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Mol Carcinog. 2001 Jan;30(1):26-36.

Somatic INK4a-ARF locus mutations: a significant mechanism of gene inactivation in squamous cell carcinomas of the head and neck.

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1
Ohio State Biochemistry Program, The Ohio State University, Columbus, Ohio 43210, USA.

Abstract

The INK4a-ARF locus is located on human chromosome 9p21 and is known to encode two functionally distinct tumor-suppressor genes. The p16(INK4a) (p16) tumor-suppressor gene product is a negative regulator of cyclin-dependent kinases 4 and 6, which in turn positively regulate progression of mammalian cells through the cell cycle. The p14(ARF) tumor-suppressor gene product specifically interacts with human double minute 2, leading to the subsequent stabilization of p53 and G(1) arrest. Previous investigations analyzing the p16 gene in squamous cell carcinomas of the head and neck (SCCHNs) have suggested the predominate inactivating events to be homozygous gene deletions and hypermethylation of the p16 promoter. Somatic mutational inactivation of p16 has been reported to be low (0-10%, with a combined incidence of 25 of 279, or 9%) and to play only a minor role in the development of SCCHN. The present study examined whether this particular mechanism of INK4a/ARF inactivation, specifically somatic mutation, has been underestimated in SCCHN by determining the mutational status of the p16 and p14(ARF) genes in 100 primary SCCHNs with the use of polymerase chain reaction technology and a highly sensitive, nonradioactive modification of single-stranded conformational polymorphism (SSCP) analysis termed "cold" SSCP. Exons 1alpha, 1beta, and 2 of INK4a/ARF were amplified using intron-based primers or a combination of intron- and exon-based primers. A total of 27 SCCHNs (27%) exhibited sequence alterations in this locus, 22 (22%) of which were somatic sequence alterations and five (5%) of which were a single polymorphism in codon 148. Of the 22 somatic alterations, 20 (91%) directly or indirectly involved exon 2, and two (9%) were located within exon 1alpha. No mutations were found in exon 1beta. All 22 somatic mutations would be expected to yield altered p16 proteins, but only 15 of them should affect p14(ARF) proteins. Specific somatic alterations included microdeletions or insertions (nine of 22, 41%), a microrearrangement (one of 22, 5%), and single nucleotide substitutions (12 of 22, 56%). In addition, we analyzed the functional characteristics of seven unique mutant p16 proteins identified in this study by assessing their ability to inhibit cyclin-dependent kinase 4 activity. Six of the seven mutant proteins tested exhibited reduced function compared with wild-type p16, ranging from minor decreases of function (twofold to eightfold) in four samples to total loss of function (29- to 38-fold decrease) in two other samples. Overall, somatic mutation of the INK4a/ARF tumor suppressor locus, resulting in functionally deficient p16 and possibly p14(ARF) proteins, seems to be a prevalent event in the development of SCCHN. Mol. Carcinog. 30:26-36, 2001.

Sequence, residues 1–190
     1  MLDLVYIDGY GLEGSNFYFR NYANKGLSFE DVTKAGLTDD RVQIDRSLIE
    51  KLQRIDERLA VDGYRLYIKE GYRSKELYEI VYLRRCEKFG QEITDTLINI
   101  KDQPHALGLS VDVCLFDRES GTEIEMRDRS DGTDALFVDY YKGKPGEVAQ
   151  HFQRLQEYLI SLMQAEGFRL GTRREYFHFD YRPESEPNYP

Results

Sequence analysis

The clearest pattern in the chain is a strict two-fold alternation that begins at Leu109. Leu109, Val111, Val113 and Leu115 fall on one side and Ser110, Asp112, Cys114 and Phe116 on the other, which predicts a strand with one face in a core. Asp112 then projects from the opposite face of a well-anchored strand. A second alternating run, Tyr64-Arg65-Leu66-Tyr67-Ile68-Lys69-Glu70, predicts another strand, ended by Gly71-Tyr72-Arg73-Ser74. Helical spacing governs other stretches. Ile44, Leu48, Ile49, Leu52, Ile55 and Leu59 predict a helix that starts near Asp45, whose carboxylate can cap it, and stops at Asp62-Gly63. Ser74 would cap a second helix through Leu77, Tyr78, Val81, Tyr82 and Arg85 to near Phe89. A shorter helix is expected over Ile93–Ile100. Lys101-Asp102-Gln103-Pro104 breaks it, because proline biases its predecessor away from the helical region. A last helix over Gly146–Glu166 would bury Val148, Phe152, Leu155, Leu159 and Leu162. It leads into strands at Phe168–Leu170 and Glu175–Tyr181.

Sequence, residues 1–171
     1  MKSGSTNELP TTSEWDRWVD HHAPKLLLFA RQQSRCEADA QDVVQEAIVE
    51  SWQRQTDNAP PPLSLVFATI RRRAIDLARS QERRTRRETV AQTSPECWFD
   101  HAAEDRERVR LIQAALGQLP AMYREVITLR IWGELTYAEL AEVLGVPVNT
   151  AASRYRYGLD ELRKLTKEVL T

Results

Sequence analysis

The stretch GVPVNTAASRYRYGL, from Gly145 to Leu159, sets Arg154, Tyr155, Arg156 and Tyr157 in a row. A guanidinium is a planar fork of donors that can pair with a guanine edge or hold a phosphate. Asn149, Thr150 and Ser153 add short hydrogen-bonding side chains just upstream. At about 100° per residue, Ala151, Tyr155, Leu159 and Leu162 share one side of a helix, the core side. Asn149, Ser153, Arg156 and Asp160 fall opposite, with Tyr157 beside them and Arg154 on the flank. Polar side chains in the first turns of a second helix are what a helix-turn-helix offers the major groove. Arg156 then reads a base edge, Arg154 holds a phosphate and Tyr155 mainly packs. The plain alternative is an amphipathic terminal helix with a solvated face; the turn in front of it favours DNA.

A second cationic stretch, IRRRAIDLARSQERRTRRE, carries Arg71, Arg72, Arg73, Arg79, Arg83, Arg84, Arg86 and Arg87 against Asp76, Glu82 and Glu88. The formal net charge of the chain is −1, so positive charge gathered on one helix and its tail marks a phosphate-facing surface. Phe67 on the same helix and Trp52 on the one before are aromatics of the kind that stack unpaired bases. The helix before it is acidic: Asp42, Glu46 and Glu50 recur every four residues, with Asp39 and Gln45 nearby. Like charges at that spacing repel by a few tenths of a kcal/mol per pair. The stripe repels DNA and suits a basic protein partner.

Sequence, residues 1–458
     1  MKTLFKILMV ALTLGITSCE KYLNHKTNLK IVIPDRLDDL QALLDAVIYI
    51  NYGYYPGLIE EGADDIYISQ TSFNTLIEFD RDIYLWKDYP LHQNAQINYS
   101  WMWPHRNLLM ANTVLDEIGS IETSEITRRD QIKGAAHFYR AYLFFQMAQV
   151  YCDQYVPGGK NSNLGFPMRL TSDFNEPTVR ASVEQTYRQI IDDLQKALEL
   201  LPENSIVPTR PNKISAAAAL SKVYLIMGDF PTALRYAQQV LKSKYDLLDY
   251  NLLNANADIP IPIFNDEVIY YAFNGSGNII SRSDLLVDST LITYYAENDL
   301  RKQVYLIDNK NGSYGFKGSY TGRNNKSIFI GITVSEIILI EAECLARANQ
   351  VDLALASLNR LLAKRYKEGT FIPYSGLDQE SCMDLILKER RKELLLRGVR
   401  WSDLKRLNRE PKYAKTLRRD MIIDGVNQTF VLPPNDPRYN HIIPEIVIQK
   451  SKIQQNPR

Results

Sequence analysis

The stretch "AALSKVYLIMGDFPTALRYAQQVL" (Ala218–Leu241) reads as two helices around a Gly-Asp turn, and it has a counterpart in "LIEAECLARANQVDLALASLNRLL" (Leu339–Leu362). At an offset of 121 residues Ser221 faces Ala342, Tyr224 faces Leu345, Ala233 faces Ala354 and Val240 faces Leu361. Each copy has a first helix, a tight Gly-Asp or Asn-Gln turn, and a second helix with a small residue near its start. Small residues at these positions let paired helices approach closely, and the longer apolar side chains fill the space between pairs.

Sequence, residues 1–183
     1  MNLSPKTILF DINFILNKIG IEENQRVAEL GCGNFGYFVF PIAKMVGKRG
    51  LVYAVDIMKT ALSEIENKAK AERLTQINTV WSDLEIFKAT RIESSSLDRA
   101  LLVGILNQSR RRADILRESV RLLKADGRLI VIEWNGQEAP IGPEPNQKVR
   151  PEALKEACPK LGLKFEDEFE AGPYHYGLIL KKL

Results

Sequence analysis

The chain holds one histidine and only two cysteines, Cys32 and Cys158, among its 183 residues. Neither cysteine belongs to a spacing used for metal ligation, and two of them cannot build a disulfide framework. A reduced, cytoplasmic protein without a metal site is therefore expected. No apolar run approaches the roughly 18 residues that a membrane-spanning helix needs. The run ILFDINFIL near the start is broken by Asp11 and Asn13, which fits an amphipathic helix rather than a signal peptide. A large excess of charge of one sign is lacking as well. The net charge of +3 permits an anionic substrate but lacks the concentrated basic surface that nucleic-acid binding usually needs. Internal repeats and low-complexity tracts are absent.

[Indexed for MEDLINE]

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